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In a Medieval Age (there is like a mix of low, mid, high age + magic, so It's undefined), I was making the economy and I want to use copper (4,48g), silver (5.245g) and golden (9.65g) coins, the "(Xg)" is the weight of each coin (0.5cm3).

What would be the rate of between copper > silver > gold?
I always think in 100:100:100 but this is very unrealistic, I found in internet that in medieval ages silver > gold was 12:1, but I am not sure. I also found other rates, like 100:10:1.

And, What can be the "acquisition power" of each coin?
I mean, can I buy a loaf of bread with one copper coin? How much would a beer cost, or a decent meal or one night in a hotel (inn)? Or simply, what is the ratio of silver > dollars?.

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closed as too broad by a CVn, sphennings, apaul, Aify, JDługosz May 6 '17 at 3:22

Please edit the question to limit it to a specific problem with enough detail to identify an adequate answer. Avoid asking multiple distinct questions at once. See the How to Ask page for help clarifying this question. If this question can be reworded to fit the rules in the help center, please edit the question.

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In medieval times most people wouldn't use coinage at all in Europe. Barter was the norm. The value of coins (and what coins were minted with what metals) differed everywhere and even in different parts of a country dependent on the scarcity and purity of the metal.

So if you must have a value, it's really up to you how you want to set it, because either way you would just be making it up. It's unlikely you'd find a country with Gold, Silver and Copper mines evenly spread throughout it. So locally in some places at least the value would be less. A coin next to a gold mine might buy a cow for example, but after it's been through several hands and moved 100 miles it might buy a whole herd and the farmers daughter.

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    $\begingroup$ "In medieval times most people wouldn't use coinage at all in Europe. Barter was the norm. " -- While peasants may have been in the habit of exchanging bread for eggs, etc., there definitely coins in use. Lots of coins. $\endgroup$ – Adam Michael Wood May 5 '17 at 23:32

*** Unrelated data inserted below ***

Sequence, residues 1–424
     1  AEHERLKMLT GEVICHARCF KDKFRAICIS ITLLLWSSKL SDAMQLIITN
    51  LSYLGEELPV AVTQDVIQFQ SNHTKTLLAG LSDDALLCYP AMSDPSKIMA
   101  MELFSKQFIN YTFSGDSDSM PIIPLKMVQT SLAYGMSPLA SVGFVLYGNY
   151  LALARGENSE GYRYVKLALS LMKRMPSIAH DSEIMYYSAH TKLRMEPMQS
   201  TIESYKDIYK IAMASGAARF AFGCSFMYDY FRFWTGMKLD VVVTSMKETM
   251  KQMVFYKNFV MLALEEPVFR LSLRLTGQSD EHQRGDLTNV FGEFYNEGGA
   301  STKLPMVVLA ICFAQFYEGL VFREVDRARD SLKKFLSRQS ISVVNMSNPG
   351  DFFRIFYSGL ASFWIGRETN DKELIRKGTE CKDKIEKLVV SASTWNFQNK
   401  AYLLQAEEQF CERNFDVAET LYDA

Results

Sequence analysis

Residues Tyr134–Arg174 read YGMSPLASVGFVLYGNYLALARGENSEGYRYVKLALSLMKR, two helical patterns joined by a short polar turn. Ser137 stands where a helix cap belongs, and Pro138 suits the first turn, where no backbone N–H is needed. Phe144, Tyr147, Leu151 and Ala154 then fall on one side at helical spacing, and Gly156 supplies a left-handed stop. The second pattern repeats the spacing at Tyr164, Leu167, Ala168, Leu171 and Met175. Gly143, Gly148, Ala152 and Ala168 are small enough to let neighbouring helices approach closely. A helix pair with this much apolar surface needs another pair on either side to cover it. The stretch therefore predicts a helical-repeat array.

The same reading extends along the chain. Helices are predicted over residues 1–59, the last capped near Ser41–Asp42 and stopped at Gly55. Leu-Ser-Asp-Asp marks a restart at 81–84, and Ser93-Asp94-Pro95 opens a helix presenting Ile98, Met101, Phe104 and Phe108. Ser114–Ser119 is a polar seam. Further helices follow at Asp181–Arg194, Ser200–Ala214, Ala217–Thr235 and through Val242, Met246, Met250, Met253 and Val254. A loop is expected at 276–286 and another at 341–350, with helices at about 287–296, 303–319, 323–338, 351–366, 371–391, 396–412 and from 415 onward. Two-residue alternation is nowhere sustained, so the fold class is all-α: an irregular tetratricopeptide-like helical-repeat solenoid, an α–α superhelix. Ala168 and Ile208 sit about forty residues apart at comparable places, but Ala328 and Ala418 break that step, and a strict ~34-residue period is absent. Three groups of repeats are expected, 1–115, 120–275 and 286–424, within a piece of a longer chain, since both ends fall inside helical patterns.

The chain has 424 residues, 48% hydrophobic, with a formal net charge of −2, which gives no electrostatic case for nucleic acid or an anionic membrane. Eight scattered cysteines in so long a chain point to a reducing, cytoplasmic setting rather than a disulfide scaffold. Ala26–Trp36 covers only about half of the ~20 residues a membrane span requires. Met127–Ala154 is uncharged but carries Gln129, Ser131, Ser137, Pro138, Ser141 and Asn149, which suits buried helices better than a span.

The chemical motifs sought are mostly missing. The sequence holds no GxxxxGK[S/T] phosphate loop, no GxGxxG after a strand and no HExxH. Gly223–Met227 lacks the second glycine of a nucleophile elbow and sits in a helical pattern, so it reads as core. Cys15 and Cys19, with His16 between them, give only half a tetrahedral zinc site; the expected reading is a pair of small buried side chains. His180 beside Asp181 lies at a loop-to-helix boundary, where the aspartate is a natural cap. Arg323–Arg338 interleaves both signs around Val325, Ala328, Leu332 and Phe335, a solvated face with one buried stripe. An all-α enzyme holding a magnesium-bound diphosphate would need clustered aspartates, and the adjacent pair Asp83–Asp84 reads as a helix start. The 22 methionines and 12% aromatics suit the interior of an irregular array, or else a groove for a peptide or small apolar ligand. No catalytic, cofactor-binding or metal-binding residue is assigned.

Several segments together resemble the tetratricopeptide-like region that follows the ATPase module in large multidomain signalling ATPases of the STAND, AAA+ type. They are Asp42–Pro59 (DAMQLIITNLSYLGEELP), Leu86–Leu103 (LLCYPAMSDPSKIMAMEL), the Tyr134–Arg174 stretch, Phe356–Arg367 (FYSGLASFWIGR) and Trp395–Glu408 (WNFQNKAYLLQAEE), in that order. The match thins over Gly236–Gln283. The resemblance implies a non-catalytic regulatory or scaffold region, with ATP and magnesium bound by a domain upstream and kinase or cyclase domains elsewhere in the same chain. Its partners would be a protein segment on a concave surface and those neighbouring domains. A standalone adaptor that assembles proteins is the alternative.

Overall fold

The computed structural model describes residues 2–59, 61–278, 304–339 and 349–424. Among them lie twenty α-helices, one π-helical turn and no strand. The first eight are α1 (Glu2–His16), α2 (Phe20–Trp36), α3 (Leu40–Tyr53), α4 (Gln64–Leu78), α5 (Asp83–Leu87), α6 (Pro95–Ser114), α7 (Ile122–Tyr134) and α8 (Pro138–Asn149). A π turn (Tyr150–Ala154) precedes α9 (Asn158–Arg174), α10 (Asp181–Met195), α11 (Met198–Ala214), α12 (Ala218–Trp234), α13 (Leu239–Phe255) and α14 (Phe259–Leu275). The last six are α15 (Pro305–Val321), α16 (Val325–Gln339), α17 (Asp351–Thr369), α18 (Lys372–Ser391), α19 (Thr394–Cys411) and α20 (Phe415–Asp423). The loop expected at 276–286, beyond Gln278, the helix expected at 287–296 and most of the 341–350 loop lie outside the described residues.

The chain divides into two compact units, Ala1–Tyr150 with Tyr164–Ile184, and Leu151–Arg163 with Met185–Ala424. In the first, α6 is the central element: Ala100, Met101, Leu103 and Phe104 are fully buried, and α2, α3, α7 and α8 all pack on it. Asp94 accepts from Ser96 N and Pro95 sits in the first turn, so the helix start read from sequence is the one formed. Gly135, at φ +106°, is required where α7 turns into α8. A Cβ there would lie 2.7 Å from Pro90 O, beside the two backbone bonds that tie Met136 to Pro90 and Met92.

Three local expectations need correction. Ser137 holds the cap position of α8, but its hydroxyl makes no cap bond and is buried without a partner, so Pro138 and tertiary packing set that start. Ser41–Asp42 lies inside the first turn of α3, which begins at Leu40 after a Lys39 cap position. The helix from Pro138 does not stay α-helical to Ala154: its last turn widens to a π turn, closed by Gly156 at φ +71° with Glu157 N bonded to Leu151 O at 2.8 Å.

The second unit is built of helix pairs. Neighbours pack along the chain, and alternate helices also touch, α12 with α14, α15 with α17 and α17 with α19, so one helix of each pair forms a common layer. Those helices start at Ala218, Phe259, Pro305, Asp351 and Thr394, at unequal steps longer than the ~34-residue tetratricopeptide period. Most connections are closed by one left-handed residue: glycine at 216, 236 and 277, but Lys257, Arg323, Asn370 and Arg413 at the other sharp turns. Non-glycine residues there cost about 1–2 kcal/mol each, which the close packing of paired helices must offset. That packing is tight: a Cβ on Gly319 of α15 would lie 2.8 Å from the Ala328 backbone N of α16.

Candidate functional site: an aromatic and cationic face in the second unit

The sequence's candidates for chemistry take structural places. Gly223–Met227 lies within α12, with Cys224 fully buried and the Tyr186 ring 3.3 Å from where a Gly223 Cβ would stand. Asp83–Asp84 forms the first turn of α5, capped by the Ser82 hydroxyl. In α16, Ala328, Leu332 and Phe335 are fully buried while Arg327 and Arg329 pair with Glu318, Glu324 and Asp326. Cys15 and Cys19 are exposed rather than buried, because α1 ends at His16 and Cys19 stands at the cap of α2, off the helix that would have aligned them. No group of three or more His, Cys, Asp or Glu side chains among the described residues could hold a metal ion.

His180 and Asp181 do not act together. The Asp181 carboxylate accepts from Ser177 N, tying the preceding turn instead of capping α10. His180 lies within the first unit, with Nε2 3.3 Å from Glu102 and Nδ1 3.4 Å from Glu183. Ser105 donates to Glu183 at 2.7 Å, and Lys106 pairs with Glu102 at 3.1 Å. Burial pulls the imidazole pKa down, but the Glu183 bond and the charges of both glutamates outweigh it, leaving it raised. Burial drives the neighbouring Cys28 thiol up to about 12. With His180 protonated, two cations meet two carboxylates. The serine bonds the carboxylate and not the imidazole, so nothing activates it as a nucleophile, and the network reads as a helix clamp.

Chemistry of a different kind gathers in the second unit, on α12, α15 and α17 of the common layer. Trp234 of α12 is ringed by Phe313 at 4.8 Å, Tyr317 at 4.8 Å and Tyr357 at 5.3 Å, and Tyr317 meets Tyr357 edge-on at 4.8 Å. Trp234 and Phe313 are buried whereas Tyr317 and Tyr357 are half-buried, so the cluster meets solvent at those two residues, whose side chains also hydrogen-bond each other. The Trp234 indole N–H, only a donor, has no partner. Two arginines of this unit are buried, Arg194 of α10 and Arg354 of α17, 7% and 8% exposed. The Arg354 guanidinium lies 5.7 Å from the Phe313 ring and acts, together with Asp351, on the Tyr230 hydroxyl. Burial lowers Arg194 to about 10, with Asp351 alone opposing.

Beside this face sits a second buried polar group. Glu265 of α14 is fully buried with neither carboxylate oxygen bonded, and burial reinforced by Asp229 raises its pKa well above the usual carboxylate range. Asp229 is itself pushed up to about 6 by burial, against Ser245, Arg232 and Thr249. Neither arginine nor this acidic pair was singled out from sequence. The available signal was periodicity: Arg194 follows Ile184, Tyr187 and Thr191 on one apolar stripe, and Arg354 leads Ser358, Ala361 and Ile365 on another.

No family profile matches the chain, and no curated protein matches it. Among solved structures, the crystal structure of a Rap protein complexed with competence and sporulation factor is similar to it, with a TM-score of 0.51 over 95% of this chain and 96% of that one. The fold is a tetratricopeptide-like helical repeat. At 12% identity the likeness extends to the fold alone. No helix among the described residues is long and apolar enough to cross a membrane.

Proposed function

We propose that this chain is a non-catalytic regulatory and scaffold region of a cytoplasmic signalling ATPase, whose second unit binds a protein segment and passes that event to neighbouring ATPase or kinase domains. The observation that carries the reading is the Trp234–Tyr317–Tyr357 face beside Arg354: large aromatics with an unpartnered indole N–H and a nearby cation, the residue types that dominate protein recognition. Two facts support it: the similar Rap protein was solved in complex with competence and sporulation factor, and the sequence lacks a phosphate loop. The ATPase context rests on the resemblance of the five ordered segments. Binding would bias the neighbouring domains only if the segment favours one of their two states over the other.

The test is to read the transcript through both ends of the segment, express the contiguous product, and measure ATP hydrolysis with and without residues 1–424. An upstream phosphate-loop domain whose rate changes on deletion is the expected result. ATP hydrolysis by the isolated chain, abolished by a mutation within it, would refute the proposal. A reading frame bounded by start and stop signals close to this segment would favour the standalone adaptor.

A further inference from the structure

• $\begingroup$ @AdamWood most of the demographic was peasants believe it or not.... and the goal was to as self sufficient as possible, so while barter was common enough, most things were produced where they were consumed, surplus was bartered or taxed away. For a small minority of people there was lots of coin use. I would posit that the vast majority never held a gold coin in their lives let alone briefly owned one. $\endgroup$ – Kilisi May 6 '17 at 0:02
  • $\begingroup$ "goal was to as self sufficient as possible" - I think you underestimate how much skilled craft/trade and labor specialization there was in the Middle Ages. I agree most peasants didn't have gold coins, but the idea that exchange was at the margins is ludicrous. Moreover, the characters of OP's story will like (since he is asking the question) be using coinage, so a realistic valuation is still meaningful (however poorly the question was asked). $\endgroup$ – Adam Michael Wood May 6 '17 at 0:52
  • $\begingroup$ @AdamWood everything you say is ludicrous to me, no offence, feel free to make your own answer and/or downvote mine. I live in a country where 70% of the pop doesn't have a bank account, and the majority would live their lives without owning a $100 note. They live off the land. Mediaval times were similar in that respect. $\endgroup$ – Kilisi May 6 '17 at 2:06

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